As discussed above, all commercial properties must define and identify the commercial property in question. This means that the lease must contain:

  • A straightforward description of the rental property.
  • The address of the property.
  • The dimension or size of the property.
  • Any other items that would make it obvious (e.g., in the event of a dispute) what property the parties are discussing.

The lease should also specify what method the landlord uses to measure the area, what types of rooms are included on the property (e.g., bathroom, kitchen, etc.), whether a parking lot is attached, etc.

In addition, the parties may want to include information about improvements, modifications, or fixtures on the property, such as whether they are permitted, who owns them after the tenant moves or the lease expires, and how one can go about making them (e.g., is the landlord or tenant responsible for costs).

Reasons You May Choose to Sublease Your Commercial Area

Subleasing can be a good alternative for tenants in the following situations:

You Need to Downsize Your Office Space
If you need to downsize but still have terms on your lease, subleasing can be a terrific choice. You can either sublease parts of your space or your whole space when you need to downsize.

Some tenants, in this case, opt to sublease a piece of their present office to avoid the intricacies and costs related to relocating. This can be a relatively easy process if you inhabit separate floors or spaces. You can also decide to sublease only parts of your space.

Nevertheless, suppose your office is one contiguous space. In that circumstance, it’s essential to remember that you may have to pay extra construction expenses to divide the space or be open to sharing your space with another company. Depending on your objectives, it is essential to market your area properly.

On the other hand, if you want to leave the space completely and look for new space or no longer need office space, you might decide to sublease your whole space. This is a useful option if you have a smaller unused space or need substantially different space. This is the most used approach when subleasing.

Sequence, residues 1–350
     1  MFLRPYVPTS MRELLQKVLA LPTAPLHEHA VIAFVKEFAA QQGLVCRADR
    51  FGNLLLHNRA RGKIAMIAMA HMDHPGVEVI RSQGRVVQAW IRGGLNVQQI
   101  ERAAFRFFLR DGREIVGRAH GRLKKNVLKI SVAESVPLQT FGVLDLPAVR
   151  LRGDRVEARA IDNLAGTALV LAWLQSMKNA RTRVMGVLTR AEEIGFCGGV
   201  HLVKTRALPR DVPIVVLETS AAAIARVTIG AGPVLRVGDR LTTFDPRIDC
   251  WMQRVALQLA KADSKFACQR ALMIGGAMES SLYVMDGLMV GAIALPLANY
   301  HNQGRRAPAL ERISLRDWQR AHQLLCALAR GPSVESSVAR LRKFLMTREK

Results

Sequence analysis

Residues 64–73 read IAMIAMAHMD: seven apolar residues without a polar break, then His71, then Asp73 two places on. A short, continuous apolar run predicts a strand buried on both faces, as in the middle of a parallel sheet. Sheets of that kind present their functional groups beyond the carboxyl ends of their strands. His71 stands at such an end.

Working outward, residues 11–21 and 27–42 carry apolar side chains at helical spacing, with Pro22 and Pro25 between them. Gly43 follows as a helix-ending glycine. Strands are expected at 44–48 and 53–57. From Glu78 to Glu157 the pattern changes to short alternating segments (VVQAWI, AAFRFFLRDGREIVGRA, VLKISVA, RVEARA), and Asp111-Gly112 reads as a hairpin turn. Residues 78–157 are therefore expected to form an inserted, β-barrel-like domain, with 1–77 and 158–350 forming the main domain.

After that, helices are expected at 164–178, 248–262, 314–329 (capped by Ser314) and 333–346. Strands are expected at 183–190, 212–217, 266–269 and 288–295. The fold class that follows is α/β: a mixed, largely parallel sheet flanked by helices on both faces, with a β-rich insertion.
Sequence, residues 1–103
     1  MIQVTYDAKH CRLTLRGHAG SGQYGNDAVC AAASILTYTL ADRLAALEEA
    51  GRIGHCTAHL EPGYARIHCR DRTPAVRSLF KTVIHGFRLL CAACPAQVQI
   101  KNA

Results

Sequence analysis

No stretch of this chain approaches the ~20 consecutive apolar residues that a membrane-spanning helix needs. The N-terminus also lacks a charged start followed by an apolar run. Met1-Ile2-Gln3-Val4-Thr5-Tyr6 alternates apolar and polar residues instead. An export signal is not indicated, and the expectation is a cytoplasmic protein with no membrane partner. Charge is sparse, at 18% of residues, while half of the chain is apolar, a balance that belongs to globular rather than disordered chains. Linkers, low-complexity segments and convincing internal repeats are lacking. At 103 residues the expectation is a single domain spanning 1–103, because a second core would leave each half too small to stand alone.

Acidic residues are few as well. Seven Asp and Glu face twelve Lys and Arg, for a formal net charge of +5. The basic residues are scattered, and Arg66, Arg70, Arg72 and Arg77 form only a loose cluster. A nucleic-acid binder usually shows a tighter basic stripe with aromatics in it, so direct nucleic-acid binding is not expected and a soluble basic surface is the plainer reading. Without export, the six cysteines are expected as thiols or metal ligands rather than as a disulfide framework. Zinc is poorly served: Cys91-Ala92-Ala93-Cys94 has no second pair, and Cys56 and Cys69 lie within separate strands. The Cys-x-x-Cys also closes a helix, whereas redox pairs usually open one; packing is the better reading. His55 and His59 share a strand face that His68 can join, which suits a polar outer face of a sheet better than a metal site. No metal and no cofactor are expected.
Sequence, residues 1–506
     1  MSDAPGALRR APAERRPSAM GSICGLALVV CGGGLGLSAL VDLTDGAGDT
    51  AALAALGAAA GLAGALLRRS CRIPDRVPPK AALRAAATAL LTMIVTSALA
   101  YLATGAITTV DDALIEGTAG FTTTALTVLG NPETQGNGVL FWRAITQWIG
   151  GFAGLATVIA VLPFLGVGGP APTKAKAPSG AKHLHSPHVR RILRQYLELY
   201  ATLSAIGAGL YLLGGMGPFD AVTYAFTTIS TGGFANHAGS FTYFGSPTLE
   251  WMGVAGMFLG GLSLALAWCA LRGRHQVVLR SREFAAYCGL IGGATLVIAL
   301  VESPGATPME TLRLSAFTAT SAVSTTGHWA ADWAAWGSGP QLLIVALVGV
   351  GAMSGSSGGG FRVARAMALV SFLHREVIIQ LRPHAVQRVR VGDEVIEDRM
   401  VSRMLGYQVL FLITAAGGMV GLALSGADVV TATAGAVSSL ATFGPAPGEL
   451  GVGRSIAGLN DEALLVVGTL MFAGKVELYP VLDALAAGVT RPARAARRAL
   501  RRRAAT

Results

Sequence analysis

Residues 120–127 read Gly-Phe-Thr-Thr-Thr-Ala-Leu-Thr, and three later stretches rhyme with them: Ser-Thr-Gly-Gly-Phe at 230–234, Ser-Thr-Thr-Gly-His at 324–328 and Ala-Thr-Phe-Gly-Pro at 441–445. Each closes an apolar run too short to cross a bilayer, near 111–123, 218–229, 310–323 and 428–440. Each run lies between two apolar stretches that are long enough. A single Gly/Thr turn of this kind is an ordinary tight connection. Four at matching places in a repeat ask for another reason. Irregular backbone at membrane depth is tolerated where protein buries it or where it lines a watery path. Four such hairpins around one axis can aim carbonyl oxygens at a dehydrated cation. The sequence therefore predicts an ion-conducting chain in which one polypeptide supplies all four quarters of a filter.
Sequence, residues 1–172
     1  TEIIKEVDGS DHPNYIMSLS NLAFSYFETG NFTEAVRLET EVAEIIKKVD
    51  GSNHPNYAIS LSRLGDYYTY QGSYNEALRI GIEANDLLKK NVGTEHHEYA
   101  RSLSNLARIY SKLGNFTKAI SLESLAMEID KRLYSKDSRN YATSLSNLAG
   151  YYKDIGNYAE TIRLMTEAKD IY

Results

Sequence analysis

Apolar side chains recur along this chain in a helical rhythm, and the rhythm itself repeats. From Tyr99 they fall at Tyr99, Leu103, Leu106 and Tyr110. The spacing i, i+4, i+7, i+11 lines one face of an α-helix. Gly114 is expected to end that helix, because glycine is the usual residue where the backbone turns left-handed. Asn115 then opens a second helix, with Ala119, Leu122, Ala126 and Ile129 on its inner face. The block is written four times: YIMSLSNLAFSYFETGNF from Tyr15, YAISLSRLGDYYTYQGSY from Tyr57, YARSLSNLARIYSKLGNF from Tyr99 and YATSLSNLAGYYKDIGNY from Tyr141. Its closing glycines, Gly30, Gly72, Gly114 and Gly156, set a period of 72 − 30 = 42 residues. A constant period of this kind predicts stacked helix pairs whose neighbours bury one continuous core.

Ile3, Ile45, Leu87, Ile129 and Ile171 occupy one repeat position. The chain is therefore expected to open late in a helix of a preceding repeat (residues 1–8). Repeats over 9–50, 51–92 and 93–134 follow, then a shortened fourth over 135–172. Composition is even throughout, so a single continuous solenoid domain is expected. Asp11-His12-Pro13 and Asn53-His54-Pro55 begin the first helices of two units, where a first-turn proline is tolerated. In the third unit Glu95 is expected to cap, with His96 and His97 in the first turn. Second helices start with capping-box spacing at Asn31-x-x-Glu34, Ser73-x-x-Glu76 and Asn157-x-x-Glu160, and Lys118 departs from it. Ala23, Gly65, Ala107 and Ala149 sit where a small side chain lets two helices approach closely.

You Have More Room Than You Require
If you’re a high-growth business, it can be wise to sign a lease for a bigger space, but initially, you may not be using all of that space.

Subleasing your unused space can be a fantastic way to save cash and keep the door open to continue your growth. You can strive to locate a short-term subtenant based on your growth projections, and once you require the space, you can take it back and continue your lease.

This is a useful option for high-growth companies who have found a space that they want to grow into in the long term. This way, your business doesn’t need to locate new space and move every time you grow.

Do I Need a Lawyer for Assistance with Commercial Lease Issues?

Commercial lease issues are governed by a particular and complex area of real estate law.

Often, such issues require the assistance of a lawyer. This is especially true when a commercial tenant needs help because commercial tenants receive almost no legal rights or protections.

Therefore, if you have any questions or concerns regarding commercial leases or are involved in a dispute over a commercial lease, then it may be in your best interest to contact a local real estate lawyer for further guidance.

An experienced real estate lawyer can inform you of your rights and obligations under the commercial lease terms. Your lawyer can also determine whether any lease conditions will work in your favor. In addition, if you are in dispute with your commercial landlord, your lawyer can represent you during negotiations or in court.

Alternatively, if you need assistance with a commercial lease, a real estate lawyer will also be able to help you draft, edit, and review the terms of your lease and make sure that its terms are best suited to the needs of your business.